The Cost of the Calling As glamorous as foot pursuits across a crowded parking lot can be, confronting certain elements of society alone at midnight isn’t so glamorous. The first time could be terrifying. I was off of field training, still in my rookie year, and I was in a low-speed vehicle pursuit with a subject with a warrant out for his arrest. It was around midnight and my nearest assist officer was about four miles (or 400 miles) away.
Apparently, the driver didn’t want to go to jail that night, so I followed him as he meandered through neighborhood streets until finally he swerved into a residential driveway. His door swung open and he made a run for the front door of the house. In a split second, my brain summed up my options:
Chase him, catch him, fight him, take him to jail. Consequences: I could get hurt or killed, yet fulfill my calling.
Delay, let him get away, work it out another way. Consequence: Fear would triumph, and I would turn in my badge. I’m not willing to pay the cost, so there’s another line of work waiting for me.
I chose the former. I caught him before he entered the house and was in for the fight of my life. Bottom line: We both went to the hospital for minor injuries, he went to jail and I kept my badge.
I was confronted that night with the real cost that may have to be paid in the struggle for this noble calling. It has been said that “All give some, and some give all.” Ask the Fernau family. Glennon Fernau1 is an example for us of one who gave all. Whenever I hear of one who gave the ultimate sacrifice, I always remember that his life wasn’t taken from him; rather, he gave it willingly for this great and noble calling. There’s a cost that must be paid in this struggle for justice.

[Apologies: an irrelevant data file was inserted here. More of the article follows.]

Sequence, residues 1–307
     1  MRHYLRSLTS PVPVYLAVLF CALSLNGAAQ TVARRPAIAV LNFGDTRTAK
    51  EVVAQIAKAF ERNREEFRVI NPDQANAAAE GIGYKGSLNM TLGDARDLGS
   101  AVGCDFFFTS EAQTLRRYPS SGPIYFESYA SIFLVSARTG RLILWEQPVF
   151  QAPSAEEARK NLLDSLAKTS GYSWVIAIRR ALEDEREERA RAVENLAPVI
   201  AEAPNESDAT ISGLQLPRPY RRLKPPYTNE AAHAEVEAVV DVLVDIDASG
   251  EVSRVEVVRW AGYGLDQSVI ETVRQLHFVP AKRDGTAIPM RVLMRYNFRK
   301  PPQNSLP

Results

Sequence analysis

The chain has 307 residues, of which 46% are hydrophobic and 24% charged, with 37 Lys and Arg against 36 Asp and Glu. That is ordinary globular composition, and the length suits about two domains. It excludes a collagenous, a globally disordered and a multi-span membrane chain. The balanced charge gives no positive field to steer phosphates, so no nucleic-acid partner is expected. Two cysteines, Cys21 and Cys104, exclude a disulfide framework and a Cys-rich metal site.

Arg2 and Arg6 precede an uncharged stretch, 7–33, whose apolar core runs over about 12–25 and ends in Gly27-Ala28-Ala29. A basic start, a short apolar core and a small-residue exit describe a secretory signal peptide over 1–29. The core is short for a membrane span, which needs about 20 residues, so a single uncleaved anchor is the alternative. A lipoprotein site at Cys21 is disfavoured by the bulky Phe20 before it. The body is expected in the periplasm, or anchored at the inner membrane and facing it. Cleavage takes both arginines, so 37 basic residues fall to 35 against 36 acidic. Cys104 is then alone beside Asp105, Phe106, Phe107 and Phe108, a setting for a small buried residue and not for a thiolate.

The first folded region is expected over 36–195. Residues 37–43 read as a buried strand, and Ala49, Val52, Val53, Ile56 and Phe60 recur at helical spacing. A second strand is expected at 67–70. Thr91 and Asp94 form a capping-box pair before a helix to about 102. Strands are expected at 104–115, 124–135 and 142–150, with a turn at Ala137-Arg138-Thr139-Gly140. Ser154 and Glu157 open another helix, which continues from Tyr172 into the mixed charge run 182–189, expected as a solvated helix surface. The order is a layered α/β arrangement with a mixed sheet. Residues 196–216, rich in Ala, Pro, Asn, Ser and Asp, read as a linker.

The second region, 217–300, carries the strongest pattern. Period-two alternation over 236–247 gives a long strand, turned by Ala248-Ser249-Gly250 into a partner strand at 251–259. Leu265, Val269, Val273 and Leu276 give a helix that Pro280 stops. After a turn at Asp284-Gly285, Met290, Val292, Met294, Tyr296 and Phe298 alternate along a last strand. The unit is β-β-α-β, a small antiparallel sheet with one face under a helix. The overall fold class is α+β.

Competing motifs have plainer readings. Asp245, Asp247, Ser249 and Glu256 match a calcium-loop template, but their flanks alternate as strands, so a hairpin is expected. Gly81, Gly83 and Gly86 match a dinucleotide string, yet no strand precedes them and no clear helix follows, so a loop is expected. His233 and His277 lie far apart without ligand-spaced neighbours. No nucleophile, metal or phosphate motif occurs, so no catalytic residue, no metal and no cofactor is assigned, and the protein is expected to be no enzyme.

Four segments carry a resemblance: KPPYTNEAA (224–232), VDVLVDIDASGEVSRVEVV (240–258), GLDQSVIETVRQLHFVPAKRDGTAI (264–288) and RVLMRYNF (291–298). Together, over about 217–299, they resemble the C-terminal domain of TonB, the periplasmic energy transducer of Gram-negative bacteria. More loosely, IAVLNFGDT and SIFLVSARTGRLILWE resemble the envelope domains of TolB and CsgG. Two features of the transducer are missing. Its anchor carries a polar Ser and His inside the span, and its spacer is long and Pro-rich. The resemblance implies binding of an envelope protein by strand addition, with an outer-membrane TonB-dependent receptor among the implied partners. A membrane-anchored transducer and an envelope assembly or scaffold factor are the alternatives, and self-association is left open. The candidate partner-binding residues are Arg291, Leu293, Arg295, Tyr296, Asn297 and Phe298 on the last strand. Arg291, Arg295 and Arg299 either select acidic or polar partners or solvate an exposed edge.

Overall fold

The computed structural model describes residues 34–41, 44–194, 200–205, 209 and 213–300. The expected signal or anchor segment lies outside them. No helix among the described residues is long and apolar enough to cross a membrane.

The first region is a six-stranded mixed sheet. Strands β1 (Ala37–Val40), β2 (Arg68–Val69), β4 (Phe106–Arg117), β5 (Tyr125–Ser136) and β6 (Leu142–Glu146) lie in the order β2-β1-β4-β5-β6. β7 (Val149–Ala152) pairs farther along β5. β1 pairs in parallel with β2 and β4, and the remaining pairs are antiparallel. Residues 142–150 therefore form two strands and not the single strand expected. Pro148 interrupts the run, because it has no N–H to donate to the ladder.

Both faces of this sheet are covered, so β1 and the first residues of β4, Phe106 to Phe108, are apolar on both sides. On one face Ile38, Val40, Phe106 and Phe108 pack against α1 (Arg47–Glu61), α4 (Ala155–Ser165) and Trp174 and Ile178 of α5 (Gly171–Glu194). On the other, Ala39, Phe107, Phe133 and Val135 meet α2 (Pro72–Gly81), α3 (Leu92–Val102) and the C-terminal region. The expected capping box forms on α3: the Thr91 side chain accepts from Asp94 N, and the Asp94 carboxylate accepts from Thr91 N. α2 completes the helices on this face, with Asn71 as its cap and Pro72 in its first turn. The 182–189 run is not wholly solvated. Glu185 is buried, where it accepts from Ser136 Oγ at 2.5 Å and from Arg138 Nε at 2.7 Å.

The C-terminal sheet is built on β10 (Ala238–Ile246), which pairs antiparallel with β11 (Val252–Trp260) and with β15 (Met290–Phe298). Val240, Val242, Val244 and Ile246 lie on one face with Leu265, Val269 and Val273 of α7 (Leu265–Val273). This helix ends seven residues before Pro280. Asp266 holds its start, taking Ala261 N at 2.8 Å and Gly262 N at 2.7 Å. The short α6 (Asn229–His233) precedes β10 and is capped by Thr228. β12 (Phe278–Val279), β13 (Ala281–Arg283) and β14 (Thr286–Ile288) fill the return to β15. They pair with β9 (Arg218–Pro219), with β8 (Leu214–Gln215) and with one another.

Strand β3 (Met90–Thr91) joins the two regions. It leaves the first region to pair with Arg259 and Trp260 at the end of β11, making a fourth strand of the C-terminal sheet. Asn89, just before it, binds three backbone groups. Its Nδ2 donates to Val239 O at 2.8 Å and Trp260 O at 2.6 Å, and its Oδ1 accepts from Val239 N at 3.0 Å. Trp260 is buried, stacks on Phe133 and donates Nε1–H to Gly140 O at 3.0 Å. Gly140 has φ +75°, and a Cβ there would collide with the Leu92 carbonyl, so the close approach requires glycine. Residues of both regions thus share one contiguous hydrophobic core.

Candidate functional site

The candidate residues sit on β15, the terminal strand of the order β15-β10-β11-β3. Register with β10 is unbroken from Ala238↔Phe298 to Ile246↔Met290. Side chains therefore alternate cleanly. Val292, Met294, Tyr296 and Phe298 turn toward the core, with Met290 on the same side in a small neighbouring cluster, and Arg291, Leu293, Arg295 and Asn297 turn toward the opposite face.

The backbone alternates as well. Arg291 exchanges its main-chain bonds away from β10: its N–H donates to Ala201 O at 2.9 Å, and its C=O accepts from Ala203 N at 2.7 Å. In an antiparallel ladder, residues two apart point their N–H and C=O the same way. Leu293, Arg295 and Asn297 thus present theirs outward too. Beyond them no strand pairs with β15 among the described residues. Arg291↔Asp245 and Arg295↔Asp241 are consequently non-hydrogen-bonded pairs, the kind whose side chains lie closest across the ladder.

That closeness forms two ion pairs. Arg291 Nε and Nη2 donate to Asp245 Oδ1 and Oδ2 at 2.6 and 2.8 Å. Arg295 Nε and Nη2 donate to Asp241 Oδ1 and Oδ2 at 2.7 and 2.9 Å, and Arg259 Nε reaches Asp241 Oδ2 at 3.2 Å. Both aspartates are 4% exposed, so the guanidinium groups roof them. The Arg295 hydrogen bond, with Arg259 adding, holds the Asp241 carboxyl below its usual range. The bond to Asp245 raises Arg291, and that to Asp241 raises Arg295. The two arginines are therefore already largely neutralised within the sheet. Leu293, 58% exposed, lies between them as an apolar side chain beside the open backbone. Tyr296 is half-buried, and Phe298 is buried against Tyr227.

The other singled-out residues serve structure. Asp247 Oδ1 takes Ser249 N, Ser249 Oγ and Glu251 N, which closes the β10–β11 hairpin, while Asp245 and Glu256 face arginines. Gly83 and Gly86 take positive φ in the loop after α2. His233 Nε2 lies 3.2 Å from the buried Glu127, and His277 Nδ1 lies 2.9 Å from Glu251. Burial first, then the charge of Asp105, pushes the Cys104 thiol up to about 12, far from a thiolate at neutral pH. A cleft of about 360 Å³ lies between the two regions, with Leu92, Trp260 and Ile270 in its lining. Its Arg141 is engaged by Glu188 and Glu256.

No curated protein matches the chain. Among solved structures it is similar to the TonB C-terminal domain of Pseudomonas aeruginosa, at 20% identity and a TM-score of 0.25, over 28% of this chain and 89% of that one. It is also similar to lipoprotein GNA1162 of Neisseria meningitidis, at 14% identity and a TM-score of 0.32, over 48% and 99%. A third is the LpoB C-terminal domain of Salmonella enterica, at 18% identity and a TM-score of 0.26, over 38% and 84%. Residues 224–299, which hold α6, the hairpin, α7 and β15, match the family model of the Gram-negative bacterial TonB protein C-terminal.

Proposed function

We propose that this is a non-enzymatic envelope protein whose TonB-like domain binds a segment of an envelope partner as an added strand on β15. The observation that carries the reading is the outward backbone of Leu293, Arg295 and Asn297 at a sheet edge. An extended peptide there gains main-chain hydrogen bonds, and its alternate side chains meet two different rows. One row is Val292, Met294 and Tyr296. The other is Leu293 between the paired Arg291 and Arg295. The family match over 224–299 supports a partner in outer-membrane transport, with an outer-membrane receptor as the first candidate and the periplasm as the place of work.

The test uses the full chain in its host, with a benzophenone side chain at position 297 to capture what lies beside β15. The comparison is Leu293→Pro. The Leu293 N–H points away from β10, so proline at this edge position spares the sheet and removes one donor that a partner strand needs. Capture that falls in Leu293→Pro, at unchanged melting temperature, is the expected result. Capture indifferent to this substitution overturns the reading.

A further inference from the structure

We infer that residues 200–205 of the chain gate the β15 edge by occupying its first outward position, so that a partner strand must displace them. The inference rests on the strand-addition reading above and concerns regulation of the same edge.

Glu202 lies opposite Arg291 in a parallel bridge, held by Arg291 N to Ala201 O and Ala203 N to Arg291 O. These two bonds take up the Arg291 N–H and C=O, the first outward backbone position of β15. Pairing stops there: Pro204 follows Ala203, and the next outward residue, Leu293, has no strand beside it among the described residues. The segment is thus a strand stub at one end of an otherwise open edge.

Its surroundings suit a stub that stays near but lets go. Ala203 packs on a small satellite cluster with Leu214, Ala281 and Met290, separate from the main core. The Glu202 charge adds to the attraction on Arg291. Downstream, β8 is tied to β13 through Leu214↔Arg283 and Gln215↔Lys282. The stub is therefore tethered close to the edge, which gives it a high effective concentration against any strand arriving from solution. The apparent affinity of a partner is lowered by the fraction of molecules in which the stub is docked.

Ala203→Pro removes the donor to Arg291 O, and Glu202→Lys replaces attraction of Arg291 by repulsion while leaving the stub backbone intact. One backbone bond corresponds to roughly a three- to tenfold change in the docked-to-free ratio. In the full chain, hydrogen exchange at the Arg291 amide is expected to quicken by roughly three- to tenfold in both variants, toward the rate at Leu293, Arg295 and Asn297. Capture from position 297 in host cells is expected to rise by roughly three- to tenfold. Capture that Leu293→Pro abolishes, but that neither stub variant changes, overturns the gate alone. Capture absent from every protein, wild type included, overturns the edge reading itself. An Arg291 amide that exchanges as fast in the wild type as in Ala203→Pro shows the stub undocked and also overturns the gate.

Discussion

Another example: Several years ago our detectives were out looking for a man who’d been harassing and stalking his estranged wife because of the threat we felt he was to her. As they were searching for him, the call came out for “shots fired.” The husband was chasing her around her place of employment firing rounds as she tried to get away. I responded to that call and what struck me later was how abnormal it was to human survival to watch five officers scream toward that scene and not go away from it. They’d all experienced their life-or-death fights, and had kept their badges—even when it could cost them dearly. That’s why I appreciate going to work every day because I work with common, ordinary heroes.
Staying True to the Call: Moral Courage My final point is that some officers are willing to die for the call, but are unable or unwilling to live for the call. The best of departments are still comprised of fallible human beings who at times stray down the wrong path. Some of those individuals could be veterans or supervisors who attempt to lead you down that path of moral compromise. Refuse to go there with them. Unnecessary use of force, falsifying police reports, cheating on a time sheet—I’ve seen it all. The badge doesn’t excuse immoral, even unlawful behavior. One of the hardest days of my 30-year career was looking my sergeant in the face and telling him, “I will not do that.”
And at times your own human weakness will be apparent as you’re tempted. Beware of the big three that have damaged or ended many a good career: Anger, greed and lust. I’ve seen careers thrown away for a gallon of gasoline and a parking space. Don’t throw all of your hard work—and pride—away for a moment’s gratification or advantage. Many have.
A plaque hangs in the St. Charles City Police Department and it reads, “Wisdom is knowing the right path to take. Integrity is taking it.” May you choose that path that brings honor to your badge, to your department, to your family and to this noble profession of law enforcement. You’ve started and now finished a difficult and challenging course at the St. Louis County & Municipal Police Academy. We’re very proud of you, for who you’ve become these last six months and for the noble vocation you have chosen. It won’t build you a great portfolio of the world’s riches, but it will produce expressions of appreciation and admiration, and even derision and hostility.
Every shift will be somehow the same, yet starkly different in its shades and hues of the human condition—innocent, tragic, gracious, violent, thankful and mean. May God bless you and go with you, in the sacrifice of your service.